If you can envision any of those scenarios you can also picture what sprinters confront every time they step into the blocks.

But you probably can’t imagine them because as much as we hold millionaire athletes to a higher standard of performance, we also realize they’re human beings with imperfections who sometimes need to make adjustments to get things right.

Unless they’re sprinters, in which case they need to execute flawlessly the first time or go home.

It might not surprise you to learn the IAAF didn’t have athletes in mind when it changed rules around false starts.

In the past each athlete in the field was granted one false start but disqualified for a second infraction. But the IAAF began tinkering with the false start rule under pressure from TV networks, who complained that false starts caused delays that in turn complicated broadcast schedules… because networks can’t possibly adjust on the fly the way they do when a baseball game goes to extra innings.

A transitional rule introduced in 2003 saw all eight runners charged with a false start when a competitor broke from the blocks, with a disqualification for the next person to false start. That’s the rule that prompted Jon Drummond’s infamous sit-in at the 2003 World Championships in Paris.

In 2009 the rule was changed again, this time forbidding any false starts and inviting all of us to examine the massive gap between what’s equal and what’s fair.

The rule is equal in that it doesn’t discriminate against any one sprinter. In theory, anyone who jumps the gun is gone — whether it’s the guy who lucked into the final or the guy with three world records and three Olympic gold medals.

But it’s patently unfair because it holds sprinters to a different set of standards than any other competitors in a track meet.

If a long-jumper hits a huge first jump and fouls his next five attempts he can still win a medal. And if you DQ’d every jumper to put a spike on the plasticine you’d rarely need a sixth round because everyone would have been sent to the sidelines long before then.

Same with throws, where competitors can fling the hammer into the cage or step out the front of the shot put circle with the understanding they’ll have another chance after fouling.

Pole vaulters and high jumpers have three attempts at each height, and the rules are written that way for a very good reason.

The action in every event unfolds at incredibly high speeds, with outcomes determined by fractions of seconds and slivers of inches. Expecting athletes under those circumstances to hit their marks perfectly every time is about as reasonable as expecting Republicans to accept the idea every American deserves health care.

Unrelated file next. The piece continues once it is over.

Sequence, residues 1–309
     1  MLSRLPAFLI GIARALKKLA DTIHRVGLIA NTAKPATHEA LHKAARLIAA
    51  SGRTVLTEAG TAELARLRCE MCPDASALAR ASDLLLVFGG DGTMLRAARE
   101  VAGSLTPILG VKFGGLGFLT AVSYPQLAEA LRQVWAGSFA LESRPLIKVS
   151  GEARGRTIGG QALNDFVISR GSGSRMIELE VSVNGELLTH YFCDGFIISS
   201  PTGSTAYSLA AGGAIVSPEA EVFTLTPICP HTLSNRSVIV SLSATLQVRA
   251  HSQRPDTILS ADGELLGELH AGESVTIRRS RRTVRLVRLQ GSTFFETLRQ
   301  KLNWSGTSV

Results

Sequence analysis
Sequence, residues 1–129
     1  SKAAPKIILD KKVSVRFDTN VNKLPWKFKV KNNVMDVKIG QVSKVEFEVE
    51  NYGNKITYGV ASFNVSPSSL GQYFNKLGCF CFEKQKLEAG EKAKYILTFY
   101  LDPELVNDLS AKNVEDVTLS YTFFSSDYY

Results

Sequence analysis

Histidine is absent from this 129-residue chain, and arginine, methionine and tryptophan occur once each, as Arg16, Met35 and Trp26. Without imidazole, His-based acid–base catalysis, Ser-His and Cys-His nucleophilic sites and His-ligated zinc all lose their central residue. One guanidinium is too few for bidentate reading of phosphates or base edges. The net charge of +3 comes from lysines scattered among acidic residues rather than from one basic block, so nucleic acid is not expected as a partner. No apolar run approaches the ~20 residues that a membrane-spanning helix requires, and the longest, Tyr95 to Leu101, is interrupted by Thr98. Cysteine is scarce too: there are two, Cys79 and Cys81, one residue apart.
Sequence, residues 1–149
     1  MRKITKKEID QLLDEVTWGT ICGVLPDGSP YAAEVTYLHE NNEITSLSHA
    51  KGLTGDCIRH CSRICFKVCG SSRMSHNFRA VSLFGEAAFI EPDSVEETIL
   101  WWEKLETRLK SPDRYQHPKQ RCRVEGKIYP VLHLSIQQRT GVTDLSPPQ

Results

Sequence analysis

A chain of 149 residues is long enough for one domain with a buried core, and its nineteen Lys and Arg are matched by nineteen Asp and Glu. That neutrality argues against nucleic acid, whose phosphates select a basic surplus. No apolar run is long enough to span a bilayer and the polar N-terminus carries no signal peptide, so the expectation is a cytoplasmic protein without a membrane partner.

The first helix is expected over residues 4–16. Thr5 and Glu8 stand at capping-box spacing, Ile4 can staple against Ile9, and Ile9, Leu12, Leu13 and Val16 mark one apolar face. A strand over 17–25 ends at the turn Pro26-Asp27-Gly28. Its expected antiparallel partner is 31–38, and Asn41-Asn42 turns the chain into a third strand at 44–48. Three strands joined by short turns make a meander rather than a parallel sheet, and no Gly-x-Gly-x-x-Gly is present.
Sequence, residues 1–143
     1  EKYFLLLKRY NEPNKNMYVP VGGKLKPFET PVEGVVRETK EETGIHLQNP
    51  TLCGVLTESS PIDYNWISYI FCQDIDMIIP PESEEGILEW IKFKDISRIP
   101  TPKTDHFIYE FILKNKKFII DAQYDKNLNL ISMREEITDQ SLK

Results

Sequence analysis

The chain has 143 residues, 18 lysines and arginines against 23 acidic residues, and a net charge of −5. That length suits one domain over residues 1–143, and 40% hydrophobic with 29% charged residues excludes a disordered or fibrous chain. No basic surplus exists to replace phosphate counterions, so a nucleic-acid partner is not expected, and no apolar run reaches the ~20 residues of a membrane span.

Which is to say it’s not reasonable at all. At some level track and field’s lawmakers recognize this reality, and reflect it in the rules of every event.

Just not in the sprints, where athletes who are trained to react explosively at the first sharp sound face tensions at the start line few of us can fathom, yet are expected to never flinch.

Not if fans make noise because race officials fail to take charge and keep them quiet.

Not if the starter holds them in the set position long enough to recite half the alphabet.

And not if, under the sheer stress of being a sprinter in a high-level event, cocked and ready to spring from the blocks, somebody jumps a tenth of a second before the gun.

Track and field’s rule book says only acceptable response to any of those situations is perfection, whether at a high school meet, the national championships or the Olympic final. Disqualifying high-profile performers from high-stakes competitions is proof that, from an administrative standpoint, the rule works perfectly.

But it also proves that from any other standpoint the rule doesn’t work at all.

Holding to sprinters to a standard no other competitors are forced to meet doesn’t advance the principle of fair play, and a rule designed to enhance TV feeds actually damages the broadcast product if it eliminates the athletes people tune into see.

A sprint final that runs a little long can still make riveting TV, as anyone who watched Donovan Bailey’s 100 metre victory in the 1996 Olympics can tell you.